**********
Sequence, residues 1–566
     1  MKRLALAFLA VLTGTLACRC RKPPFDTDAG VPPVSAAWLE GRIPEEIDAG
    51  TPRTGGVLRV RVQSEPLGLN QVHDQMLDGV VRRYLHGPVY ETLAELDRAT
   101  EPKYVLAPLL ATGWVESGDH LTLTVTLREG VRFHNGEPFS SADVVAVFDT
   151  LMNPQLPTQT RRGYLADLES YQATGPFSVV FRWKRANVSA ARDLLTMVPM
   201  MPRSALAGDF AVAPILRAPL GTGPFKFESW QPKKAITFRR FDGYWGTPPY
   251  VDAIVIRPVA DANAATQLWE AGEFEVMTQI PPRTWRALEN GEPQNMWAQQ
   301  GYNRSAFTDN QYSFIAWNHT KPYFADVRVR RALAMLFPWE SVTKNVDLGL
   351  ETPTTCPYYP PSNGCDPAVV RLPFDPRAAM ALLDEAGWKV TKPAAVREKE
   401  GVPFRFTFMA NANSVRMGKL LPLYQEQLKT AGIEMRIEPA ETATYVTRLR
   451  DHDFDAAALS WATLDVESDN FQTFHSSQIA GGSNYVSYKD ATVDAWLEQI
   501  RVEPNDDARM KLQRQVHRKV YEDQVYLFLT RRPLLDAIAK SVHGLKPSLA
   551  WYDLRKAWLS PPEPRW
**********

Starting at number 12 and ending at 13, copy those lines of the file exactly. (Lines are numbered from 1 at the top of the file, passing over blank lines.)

   501  RVEPNDDARM KLQRQVHRKV YEDQVYLFLT RRPLLDAIAK SVHGLKPSLA
   551  WYDLRKAWLS PPEPRW